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Cam Ackland of Prime Movers was a freshman at the Cambridge School when Ruane — a senior, and part of the glam and art-rock cliques — caught his eye. "I was just getting aware of his presence around the school when he graduated," says Ackland. "And I started thinking, 'There's just something spiritual about that guy.' The yearbook picture of Billy showed him in an alley in Boston, just splayed out on the ground, with empty bottles all around. And next to that was a Hunter S. Thompson quote from Fear and Loathing in Las Vegas."

Ackland would reconnect with Ruane on New Year's Eve, 1980. "It was a punk-rock show — I remember Boys Life played in their Boy Scout uniforms, and La Peste," Ackland says. "The crowd was pretty wild. And into this crowd jumps Billy, just dancing like he always did. And I thought, 'Wow, there's the guy with the Hunter Thompson quote.' It just confirmed that this scene was where I really wanted to be."

Peter Wolf first met Billy when Ruane was in his late teens. "He and I always dealt in the more academic side," Wolf recalls. "He'd come over and have tea and he and I would read poems, and of course listen to music. He always wanted to share things, things that he felt needed exposure. He was a great transmitter."

Lilli Dennison was a fellow mover and shaker in Boston's '80s and '90s club scene, the manager of the Del Fuegos, the Neats, and Scruffy the Cat, and an early collaborator of Ruane's when he began booking shows. "I moved to Boston in the summer of 1979, and Billy was so ubiquitous that I don't remember meeting him. He was at the Underground and the Rat, all the loft parties — definitely a fixture by the time I showed up." Dennison first worked with Ruane in 1984 when, inspired by a video of the Cramps playing a gig in a mental institution, Ruane decided to book rock bands at Walpole State Prison. Since the Del Fuegos loved Johnny Cash, who'd played Folsom and San Quentin, they seemed a perfect fit for Walpole. "Billy had already done shows at a couple of women's prisons, which were medium-security places, but Walpole was different. We thought it was pretty scary."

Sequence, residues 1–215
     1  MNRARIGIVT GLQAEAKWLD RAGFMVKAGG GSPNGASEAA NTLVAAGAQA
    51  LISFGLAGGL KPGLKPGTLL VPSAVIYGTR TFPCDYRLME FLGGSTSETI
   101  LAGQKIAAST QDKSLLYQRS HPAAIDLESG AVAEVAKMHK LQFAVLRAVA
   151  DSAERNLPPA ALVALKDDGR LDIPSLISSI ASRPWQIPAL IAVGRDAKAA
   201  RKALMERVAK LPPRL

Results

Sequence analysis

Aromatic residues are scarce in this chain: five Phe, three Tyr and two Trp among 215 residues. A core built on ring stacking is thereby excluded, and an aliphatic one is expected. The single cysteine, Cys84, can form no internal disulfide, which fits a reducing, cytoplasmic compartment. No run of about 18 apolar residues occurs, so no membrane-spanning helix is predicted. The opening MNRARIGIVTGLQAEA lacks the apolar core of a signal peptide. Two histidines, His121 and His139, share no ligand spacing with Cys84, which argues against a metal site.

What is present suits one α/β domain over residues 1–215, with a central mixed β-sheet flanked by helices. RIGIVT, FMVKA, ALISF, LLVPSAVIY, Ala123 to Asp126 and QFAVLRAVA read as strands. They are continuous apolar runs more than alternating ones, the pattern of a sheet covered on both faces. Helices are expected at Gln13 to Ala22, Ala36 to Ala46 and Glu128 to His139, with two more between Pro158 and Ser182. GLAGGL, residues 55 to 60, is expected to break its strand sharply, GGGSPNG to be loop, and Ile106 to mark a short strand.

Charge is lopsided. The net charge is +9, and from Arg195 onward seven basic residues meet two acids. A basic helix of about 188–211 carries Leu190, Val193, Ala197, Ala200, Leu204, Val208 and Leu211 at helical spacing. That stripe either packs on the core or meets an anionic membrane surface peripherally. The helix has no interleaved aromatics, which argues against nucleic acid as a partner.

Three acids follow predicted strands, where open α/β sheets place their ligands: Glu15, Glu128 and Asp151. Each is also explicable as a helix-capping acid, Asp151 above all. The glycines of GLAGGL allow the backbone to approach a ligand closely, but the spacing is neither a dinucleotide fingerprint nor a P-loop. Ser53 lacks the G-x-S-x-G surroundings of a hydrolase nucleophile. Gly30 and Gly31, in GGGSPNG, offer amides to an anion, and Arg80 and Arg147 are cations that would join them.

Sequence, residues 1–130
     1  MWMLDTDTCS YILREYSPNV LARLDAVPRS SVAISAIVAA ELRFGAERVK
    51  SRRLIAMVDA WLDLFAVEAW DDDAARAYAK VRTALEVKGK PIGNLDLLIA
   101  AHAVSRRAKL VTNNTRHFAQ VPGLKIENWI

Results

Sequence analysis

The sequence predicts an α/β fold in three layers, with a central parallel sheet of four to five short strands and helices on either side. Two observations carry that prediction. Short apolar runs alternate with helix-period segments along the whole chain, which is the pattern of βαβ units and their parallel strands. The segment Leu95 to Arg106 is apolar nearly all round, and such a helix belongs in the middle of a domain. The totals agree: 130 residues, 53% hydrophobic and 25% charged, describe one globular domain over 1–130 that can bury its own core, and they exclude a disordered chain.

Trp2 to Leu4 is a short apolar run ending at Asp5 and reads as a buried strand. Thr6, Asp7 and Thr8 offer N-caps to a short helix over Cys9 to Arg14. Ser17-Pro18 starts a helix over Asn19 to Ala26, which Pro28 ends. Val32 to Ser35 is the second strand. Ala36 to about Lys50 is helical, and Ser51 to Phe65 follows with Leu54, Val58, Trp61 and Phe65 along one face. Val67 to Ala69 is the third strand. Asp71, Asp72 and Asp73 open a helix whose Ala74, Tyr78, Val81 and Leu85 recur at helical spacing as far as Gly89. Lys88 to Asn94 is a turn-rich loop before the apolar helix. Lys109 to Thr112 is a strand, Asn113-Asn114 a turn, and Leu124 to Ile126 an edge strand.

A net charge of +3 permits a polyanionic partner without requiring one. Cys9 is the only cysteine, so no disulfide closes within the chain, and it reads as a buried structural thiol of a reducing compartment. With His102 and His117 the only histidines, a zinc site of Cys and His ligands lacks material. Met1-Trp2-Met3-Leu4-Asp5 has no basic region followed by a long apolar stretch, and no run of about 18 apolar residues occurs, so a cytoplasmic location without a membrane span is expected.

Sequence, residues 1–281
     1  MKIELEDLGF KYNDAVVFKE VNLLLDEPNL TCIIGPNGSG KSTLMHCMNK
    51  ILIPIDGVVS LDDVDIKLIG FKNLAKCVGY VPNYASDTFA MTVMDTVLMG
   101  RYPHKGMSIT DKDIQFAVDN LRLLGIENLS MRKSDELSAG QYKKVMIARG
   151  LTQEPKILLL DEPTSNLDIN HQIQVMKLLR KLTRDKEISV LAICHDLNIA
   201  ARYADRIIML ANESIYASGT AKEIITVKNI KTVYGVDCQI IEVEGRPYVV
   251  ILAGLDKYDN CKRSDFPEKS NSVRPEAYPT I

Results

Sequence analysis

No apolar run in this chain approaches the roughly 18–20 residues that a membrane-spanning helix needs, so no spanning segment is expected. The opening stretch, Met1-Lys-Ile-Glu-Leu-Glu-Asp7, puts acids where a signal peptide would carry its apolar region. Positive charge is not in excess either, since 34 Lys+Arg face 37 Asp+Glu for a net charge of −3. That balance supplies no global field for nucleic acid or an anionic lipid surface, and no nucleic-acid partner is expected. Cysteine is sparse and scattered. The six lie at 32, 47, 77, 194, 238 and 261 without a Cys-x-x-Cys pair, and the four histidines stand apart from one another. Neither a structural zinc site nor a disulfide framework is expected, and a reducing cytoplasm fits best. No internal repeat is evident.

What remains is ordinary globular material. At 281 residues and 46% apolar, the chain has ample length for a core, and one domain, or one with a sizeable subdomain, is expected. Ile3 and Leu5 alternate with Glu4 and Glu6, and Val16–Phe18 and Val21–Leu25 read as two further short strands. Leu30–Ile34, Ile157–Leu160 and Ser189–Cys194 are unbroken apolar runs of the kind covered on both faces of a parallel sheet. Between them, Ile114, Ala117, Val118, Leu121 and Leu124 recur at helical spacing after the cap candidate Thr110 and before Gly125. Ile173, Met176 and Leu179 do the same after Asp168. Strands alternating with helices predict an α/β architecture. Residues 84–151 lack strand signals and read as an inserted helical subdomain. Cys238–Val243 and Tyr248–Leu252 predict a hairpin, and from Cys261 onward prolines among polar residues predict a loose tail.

Not Ruane. He would frequently return to the prisons, and in 1988 took the Lemonheads and the Blake Babies back to Walpole. "I was wearing jeans and I had to buy pants, because that was the uniform," Evan Dando said Monday night at Great Scott, a few hours before he and Juliana Hatfield would cover the Real Kids's punk classic "Common at Noon" and dedicate it to Ruane.

"He was kinda eccentric, but if you knew him, he was just Billy," says Hatfield. "He was such an original, no one was like him, no one is like him, and no one will ever be like him. It was imperative to him to spread things around, to share the beautiful things."

Singer-songwriter Mary Lou Lord met Ruane when her first band, the Buckets, opened for Ed's Redeeming Qualities at the Rat in 1990. She wound up living for a year in a condo Ruane owned. "The only payback was that I had to alphabetize his record collection," she says. "I think I got to the C's before I gave up."

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  Topics: Music Features , Chris Brokaw, Juliana Hatfield, Evan Dando,  More more >
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